Friday, Jul 10, 2020 | Last Update : 07:06 PM IST

107th Day Of Lockdown

Maharashtra2305991272599667 Tamil Nadu122350741671700 Delhi104864781993213 Gujarat38419273131994 Uttar Pradesh3115620331845 Telangana2953617279324 Karnataka2887711878471 West Bengal2482316291827 Andhra Pradesh2381412154277 Rajasthan2221216877489 Haryana1936414505287 Madhya Pradesh1634112232634 Assam14033872724 Bihar139789792109 Odisha11201740767 Jammu and Kashmir92615567149 Punjab71404945183 Kerala6535370828 Chhatisgarh3526283514 Uttarakhand3305267246 Jharkhand3192217022 Goa203912078 Tripura177313241 Manipur14357930 Puducherry120061916 Himachal Pradesh110182510 Nagaland6733030 Chandigarh5234037 Arunachal Pradesh2871092 Mizoram2031430 Sikkim134710 Meghalaya113451
  Life   Health  22 Aug 2019  New optic nerve therapy to offer aid to blind

New optic nerve therapy to offer aid to blind

ANI
Published : Aug 22, 2019, 11:34 am IST
Updated : Aug 22, 2019, 11:34 am IST

Optic nerve stimulation to offer visual aid to blind: study.

A brain implant that stimulates the visual cortex directly is another strategy even though risky. (Photo: ANI)
 A brain implant that stimulates the visual cortex directly is another strategy even though risky. (Photo: ANI)

Washington: Scientists are developing a technology that would circumvent the eyeball in order to deliver the message directly to the brain in case of visually impaired people.

Researchers from EPFL in Switzerland and Scuola Superiore Sant'Anna in Italy will be doing this by stimulating the optic nerve with intraneural electrode known as OpticSELINE.

The study was published in the journal 'Nature Biomedical Engineering'.

"We believe that intraneural stimulation can be a valuable solution for several neuroprosthetic devices for sensory and motor function restoration. The translational potentials of this approach are indeed extremely promising," explains Silvestro Micera, a professor of Bioelectronics at Scuola Superiore Sant'Anna.

Blindness affects an estimated 39 million people in the world. Many factors can induce blindness, like genetics, retinal detachment, trauma, stroke in the visual cortex, glaucoma, cataract, inflammation or infection. Some blindness is temporary and can be treated medically. But how do you help someone who is permanently blind?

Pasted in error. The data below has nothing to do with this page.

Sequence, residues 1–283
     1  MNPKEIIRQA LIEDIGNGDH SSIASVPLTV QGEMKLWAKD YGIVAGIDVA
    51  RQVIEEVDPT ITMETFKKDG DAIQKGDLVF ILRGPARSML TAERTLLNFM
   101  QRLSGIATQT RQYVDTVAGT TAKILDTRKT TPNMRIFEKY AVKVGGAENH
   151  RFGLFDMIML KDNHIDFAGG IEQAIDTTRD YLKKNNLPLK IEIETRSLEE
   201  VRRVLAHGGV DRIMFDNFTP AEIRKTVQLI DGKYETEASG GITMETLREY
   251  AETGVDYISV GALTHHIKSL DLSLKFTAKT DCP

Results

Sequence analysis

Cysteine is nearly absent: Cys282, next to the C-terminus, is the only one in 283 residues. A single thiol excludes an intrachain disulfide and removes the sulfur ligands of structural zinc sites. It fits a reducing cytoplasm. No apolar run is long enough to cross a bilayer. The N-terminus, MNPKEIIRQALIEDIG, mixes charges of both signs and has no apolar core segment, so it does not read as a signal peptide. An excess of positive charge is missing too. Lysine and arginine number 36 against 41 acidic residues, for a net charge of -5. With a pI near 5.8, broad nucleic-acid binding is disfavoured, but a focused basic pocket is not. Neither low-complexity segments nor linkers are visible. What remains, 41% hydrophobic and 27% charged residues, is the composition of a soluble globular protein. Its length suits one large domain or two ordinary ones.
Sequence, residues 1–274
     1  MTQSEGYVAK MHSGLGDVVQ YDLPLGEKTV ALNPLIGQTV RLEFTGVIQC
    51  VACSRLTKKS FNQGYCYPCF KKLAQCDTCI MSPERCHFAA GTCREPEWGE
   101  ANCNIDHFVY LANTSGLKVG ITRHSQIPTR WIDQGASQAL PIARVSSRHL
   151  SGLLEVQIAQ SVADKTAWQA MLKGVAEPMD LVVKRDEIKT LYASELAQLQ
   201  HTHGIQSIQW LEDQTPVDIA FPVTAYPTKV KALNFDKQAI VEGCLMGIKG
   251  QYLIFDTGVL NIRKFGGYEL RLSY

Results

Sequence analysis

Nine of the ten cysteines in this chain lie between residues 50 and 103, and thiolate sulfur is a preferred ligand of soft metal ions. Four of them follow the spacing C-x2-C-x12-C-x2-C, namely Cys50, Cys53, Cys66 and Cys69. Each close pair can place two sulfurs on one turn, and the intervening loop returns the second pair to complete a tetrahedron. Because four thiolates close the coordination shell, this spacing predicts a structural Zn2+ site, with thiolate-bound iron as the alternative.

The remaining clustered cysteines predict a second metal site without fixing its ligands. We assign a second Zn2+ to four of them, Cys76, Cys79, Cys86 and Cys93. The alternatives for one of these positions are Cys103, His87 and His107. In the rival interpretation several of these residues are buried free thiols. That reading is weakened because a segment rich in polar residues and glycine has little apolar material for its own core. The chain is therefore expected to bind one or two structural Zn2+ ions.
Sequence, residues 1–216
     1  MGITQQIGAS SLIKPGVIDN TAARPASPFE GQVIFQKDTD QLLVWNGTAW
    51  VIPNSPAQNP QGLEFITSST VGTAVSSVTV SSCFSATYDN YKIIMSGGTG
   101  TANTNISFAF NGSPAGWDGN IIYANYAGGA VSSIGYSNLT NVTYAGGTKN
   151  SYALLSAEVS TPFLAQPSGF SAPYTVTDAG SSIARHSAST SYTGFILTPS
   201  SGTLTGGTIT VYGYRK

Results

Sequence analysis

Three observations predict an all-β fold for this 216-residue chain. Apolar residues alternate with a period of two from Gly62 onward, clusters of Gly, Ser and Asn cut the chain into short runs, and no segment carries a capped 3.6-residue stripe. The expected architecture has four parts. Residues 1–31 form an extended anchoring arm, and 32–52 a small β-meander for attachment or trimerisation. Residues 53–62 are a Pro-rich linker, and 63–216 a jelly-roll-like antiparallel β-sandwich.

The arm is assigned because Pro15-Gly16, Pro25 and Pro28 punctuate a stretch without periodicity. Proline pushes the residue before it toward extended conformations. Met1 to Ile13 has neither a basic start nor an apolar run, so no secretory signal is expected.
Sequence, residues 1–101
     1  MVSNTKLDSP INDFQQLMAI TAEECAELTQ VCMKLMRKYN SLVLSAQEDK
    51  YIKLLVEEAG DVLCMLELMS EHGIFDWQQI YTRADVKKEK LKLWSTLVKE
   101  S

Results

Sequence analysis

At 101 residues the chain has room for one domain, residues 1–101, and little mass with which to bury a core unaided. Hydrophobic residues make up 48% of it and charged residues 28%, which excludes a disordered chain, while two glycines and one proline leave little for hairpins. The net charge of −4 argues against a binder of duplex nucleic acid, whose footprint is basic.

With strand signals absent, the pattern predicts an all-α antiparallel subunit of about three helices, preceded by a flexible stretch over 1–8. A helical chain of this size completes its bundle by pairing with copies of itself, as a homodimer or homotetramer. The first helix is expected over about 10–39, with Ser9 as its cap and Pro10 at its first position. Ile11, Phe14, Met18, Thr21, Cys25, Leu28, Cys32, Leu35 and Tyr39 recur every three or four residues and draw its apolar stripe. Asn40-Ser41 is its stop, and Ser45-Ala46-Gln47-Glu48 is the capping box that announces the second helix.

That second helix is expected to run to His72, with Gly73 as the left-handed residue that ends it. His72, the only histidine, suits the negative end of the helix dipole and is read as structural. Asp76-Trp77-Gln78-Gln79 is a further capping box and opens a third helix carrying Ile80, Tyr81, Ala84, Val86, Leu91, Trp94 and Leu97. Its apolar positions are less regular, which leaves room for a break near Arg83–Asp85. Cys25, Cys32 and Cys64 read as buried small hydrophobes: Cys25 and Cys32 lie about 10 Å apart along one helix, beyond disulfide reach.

The idea is to produce phosphenes, the sensation of seeing light in the form of white patterns, without seeing light directly. Retinal implants, a prosthetic device for helping the blind, suffer from exclusion criteria. For example, half a million people worldwide are blind due to Retinitis pigmentosa, a genetic disorder, but only a few hundred patients qualify for retinal implants for clinical reasons.

A brain implant that stimulates the visual cortex directly is another strategy even though risky. The new intraneural solution minimizes exclusion criteria since the optic nerve and the pathway to the brain are often intact.

The teams engineered the OpticSELINE, an electrode array of 12 electrodes. In order to understand how effective these electrodes are at stimulating the various nerve fibres within the optic nerve, the scientists delivered electric current to the optic nerve via OpticSELINE and measured the brain's activity in the visual cortex. They showed that each stimulating electrode induces a specific and unique pattern of cortical activation, suggesting that intraneural stimulation of the optic nerve is selective and informative.

With current electrode technology, a human OpticSELINE could consist of up to 48-60 electrodes. This limited number of electrodes is not sufficient to restore sight entirely. But these limited visual signals could be engineered to provide a visual aid for daily living.

Tags: optic nerve, visual aid, blind